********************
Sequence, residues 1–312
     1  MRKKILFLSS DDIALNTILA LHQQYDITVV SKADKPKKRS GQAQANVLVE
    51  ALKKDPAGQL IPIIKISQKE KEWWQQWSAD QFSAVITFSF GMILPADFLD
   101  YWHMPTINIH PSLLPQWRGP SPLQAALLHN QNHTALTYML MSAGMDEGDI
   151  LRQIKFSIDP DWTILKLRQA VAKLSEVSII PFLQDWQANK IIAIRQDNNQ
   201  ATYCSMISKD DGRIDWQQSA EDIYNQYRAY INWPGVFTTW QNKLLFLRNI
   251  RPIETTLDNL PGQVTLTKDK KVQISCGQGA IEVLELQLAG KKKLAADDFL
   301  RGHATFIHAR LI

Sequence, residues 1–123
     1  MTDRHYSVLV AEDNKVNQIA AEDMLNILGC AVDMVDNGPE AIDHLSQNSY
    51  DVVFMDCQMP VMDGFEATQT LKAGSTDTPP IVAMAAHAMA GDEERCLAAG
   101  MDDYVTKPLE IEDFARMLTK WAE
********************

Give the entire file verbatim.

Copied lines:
Sequence, residues 1–312
     1  MRKKILFLSS DDIALNTILA LHQQYDITVV SKADKPKKRS GQAQANVLVE
    51  ALKKDPAGQL IPIIKISQKE KEWWQQWSAD QFSAVITFSF GMILPADFLD
   101  YWHMPTINIH PSLLPQWRGP SPLQAALLHN QNHTALTYML MSAGMDEGDI
   151  LRQIKFSIDP DWTILKLRQA VAKLSEVSII PFLQDWQANK IIAIRQDNNQ
   201  ATYCSMISKD DGRIDWQQSA EDIYNQYRAY INWPGVFTTW QNKLLFLRNI
   251  RPIETTLDNL PGQVTLTKDK KVQISCGQGA IEVLELQLAG KKKLAADDFL
   301  RGHATFIHAR LI

Sequence, residues 1–123
     1  MTDRHYSVLV AEDNKVNQIA AEDMLNILGC AVDMVDNGPE AIDHLSQNSY
    51  DVVFMDCQMP VMDGFEATQT LKAGSTDTPP IVAMAAHAMA GDEERCLAAG
   101  MDDYVTKPLE IEDFARMLTK WAE